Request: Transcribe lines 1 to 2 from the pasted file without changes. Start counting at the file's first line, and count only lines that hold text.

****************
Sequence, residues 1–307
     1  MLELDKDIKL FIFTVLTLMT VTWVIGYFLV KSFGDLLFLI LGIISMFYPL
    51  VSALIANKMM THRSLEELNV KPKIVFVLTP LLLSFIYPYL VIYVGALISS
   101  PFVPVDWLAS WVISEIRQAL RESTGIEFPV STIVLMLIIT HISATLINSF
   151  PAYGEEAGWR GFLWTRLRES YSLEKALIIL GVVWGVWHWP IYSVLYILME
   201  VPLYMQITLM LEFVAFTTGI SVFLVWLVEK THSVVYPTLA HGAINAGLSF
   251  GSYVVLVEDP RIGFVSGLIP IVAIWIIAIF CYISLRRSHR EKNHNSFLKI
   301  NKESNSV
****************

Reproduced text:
Sequence, residues 1–307
     1  MLELDKDIKL FIFTVLTLMT VTWVIGYFLV KSFGDLLFLI LGIISMFYPL